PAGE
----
Are you a fan of Game of Thrones or Vikings? Take a look at these great portraits captured in the studio by Russell Smith.

Article and photos by Russell Smith, a Cape Town-based photographer. Profoto lights are available at Orms, and will be available for online ordering on Orms Direct soon.

Blood, Sweat and the B4s

As far back as I can remember I have been a sci-fi and fantasy fan with the original Conan the Barbarian and Excalibur, Star Wars and later Tolkienโ€™s Lord of the Rings trilogy being visual feasts and great sources of inspiration and mystery.

More recently Game of Thrones and Vikings have captured my attention and got me thinking about ways in which I could bring the genre into my photography.

I heard about the Profoto B4 packs and their insane ability to freeze motion and liquid at 1/25000th of a second. A perfect solution in my mind to recreate an instant in a viking fight scene.

I had seen several shoots with liquid dropped or splashed onto subjects but very little with liquid coming off the subject.

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Please note: The photo above is a .gif animated image, and may take a while to load!

The Pro-B4 1000 Air, to give you more info, are revolutionary Profoto battery packs that allows one to shoot up to 30 frames per second. That means you are literally keeping your finger down on continuous mode and the flash is firing like a strobe recycling instantaneously. This does require one to be on a low power but I was shocked at how these lights froze the fastest of movements producing a tack sharp image every time. The image above is taken through one sword sweep and there were at least 8 sharp usable images from that sequence.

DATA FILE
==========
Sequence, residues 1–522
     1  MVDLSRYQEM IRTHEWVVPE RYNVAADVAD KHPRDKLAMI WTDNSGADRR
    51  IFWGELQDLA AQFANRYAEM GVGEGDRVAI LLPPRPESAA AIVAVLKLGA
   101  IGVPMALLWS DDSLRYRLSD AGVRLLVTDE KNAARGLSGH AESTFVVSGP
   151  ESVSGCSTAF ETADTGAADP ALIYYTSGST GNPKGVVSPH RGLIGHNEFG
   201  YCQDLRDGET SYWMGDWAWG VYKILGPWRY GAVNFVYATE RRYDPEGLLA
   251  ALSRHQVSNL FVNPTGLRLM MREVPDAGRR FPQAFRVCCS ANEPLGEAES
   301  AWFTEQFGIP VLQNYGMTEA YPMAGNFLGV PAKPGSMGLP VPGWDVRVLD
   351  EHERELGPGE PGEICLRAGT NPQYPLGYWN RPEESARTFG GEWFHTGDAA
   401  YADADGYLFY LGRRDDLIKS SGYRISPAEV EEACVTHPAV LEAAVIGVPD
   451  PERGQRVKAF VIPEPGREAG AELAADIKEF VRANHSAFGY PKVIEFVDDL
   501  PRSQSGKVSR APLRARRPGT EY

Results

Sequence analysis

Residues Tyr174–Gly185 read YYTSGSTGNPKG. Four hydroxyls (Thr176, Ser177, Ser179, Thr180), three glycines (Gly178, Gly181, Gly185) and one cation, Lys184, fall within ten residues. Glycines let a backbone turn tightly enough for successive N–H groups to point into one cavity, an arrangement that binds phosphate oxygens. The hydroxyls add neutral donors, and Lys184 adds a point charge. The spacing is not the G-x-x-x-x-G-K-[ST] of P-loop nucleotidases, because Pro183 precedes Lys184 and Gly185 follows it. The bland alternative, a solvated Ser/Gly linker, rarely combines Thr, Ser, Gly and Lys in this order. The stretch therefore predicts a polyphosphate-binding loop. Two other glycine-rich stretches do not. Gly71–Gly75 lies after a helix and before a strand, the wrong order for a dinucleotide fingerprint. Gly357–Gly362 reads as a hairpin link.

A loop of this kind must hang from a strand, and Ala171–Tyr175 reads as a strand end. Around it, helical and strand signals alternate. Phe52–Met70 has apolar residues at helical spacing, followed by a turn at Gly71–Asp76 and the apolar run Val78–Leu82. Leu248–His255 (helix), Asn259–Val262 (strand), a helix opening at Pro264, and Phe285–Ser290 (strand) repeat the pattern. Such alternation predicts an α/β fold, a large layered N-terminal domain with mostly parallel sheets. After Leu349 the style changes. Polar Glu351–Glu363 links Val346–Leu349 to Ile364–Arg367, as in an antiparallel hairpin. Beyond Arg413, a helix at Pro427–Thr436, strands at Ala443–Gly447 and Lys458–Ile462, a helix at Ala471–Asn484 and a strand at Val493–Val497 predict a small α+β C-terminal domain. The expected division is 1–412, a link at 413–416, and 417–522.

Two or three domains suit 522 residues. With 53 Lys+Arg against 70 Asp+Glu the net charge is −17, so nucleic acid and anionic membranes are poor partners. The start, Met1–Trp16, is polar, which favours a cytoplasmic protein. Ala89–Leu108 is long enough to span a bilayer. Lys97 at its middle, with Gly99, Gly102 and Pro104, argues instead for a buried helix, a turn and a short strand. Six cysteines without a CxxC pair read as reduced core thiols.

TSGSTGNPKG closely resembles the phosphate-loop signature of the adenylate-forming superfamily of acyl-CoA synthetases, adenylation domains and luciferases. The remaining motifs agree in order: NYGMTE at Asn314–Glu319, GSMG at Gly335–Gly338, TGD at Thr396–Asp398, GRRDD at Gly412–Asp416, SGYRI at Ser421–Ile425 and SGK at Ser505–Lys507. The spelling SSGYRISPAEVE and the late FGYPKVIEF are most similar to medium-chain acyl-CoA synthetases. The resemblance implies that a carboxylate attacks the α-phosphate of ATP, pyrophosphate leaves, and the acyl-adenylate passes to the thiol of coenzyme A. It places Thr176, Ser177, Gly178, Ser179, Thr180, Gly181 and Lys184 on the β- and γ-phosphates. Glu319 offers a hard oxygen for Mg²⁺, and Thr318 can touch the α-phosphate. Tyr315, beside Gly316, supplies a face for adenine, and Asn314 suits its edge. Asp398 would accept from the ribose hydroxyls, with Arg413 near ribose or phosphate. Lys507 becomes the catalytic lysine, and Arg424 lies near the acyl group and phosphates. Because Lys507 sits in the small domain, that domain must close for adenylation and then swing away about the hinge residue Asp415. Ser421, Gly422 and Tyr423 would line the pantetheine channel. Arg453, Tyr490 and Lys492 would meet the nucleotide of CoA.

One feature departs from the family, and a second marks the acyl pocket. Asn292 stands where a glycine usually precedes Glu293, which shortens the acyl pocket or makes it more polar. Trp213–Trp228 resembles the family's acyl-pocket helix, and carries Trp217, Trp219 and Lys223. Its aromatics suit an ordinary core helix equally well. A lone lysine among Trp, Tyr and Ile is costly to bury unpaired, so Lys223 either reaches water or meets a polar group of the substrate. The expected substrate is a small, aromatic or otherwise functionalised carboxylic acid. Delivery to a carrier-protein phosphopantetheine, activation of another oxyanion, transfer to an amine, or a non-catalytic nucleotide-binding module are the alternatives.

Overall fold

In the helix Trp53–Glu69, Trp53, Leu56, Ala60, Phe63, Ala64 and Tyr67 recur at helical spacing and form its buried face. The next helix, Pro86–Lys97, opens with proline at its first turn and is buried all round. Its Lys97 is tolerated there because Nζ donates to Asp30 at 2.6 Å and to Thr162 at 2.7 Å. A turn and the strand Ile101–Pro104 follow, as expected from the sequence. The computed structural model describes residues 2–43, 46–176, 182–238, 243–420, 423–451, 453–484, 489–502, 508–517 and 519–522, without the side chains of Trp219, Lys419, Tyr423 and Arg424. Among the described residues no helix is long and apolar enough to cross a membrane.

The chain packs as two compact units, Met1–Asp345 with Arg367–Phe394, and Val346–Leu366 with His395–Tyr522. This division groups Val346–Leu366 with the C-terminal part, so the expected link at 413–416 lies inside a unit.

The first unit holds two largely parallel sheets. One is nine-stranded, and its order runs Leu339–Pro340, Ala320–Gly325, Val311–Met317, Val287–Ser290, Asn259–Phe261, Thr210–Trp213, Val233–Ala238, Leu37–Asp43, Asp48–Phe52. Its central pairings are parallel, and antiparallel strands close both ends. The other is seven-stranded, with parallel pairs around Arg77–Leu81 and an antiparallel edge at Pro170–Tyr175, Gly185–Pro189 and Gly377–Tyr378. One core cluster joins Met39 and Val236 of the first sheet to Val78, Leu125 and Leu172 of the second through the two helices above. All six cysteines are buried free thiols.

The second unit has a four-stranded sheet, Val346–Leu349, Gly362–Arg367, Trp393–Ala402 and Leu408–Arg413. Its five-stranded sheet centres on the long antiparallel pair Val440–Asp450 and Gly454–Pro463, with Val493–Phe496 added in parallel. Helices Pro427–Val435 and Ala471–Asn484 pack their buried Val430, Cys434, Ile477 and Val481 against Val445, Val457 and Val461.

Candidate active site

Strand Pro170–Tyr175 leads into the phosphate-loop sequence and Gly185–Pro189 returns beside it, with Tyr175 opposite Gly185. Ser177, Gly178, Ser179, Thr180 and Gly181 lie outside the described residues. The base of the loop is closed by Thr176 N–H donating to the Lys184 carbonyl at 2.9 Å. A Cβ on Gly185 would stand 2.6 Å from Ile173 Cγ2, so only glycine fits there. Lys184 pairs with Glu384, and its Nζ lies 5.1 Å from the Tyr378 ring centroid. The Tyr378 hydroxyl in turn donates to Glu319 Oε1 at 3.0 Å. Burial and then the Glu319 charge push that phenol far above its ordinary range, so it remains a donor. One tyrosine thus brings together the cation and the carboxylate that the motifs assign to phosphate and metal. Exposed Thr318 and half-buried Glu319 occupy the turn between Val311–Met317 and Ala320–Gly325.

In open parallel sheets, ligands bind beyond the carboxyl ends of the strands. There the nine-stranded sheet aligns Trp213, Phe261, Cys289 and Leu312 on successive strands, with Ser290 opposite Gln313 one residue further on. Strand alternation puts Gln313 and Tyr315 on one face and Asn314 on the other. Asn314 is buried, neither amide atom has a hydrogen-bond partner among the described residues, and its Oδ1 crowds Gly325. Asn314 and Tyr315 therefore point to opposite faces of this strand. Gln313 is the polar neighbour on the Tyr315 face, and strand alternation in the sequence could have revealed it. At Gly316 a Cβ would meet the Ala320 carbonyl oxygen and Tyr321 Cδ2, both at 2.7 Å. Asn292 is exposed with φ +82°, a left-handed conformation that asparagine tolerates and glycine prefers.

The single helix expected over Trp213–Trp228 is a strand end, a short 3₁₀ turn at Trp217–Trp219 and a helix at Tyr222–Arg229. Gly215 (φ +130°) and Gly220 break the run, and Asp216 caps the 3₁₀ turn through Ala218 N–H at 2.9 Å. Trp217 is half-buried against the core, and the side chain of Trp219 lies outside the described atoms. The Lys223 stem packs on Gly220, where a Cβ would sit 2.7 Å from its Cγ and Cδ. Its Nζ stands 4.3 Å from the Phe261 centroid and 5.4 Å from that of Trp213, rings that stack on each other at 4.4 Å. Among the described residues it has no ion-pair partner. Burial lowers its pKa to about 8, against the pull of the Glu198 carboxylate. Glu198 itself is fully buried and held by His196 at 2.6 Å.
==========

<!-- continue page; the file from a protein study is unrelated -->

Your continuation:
The speed of capture is not from the camera. I was shooting at normal flash sync speeds of 1/125th of a second. The fast capture comes from the flash duration, about 1/20 000th of a second. The rule is to shoot only with heads attached to the B4 packs and not have any other light source that can potentially continue to record on your sensor and โ€˜blurโ€™ the image. So the ambient light conditions should be low. Put it this way, no other light should be picked up at your shutter speed and aperture settings other than your connected Profoto heads for the reasons I have just mentioned.

I was, to put it mildly, blown away by the results of the shoot.

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Dressed up and styled like they had stepped out of a macabre medieval battle scene, the two models Keegan and Martin were directed to actions that would allow the blood to fling off their faces. The tricky part was to get the right consistency of the artificial blood and the right quantity to put on the models for it to read effectively. We tried everything, from vigorous movements to getting the model to spit the blood out of his mouth and rinsing his hair with the stuff. It was only after a lot of trial and error that we started getting it right.

The down side, besides the huge mess left in the studio after, was that the focus under the low light can be an issue. When I switched on the modeling lamps to get a little more light to focus, I found that the battery charge ran down pretty quickly. This normally wouldnโ€™t be a problem if you have back up or while shooting near a power source to recharge but would take this into consideration if out on location far from power supply.

Something to be careful of is depth of field. With lower power on the lights comes larger apertures and hence smaller depth of field. This may be a problem if you are shooting layered scenes where you need all as sharp as possible. Here you may have blood droplets for example frozen in speed but soft from being out of depth of field range, which can defeat the point. I managed to get around this by powering up the lights a little and increasing ISO to allow for wider DOF.

All in all, I was seriously amazed at these lights and the way in which the droplets of liquid took on a sharp form in space. Not to mention the fine performances of Keegan, Martin and the make-up/hair artist, Fran.

Here’s the full sequence of frames from the animated .gif above:

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This post originally appeared on Russell Smith’s blog and has been reposted with permission. Thanks for sharing, Russ!

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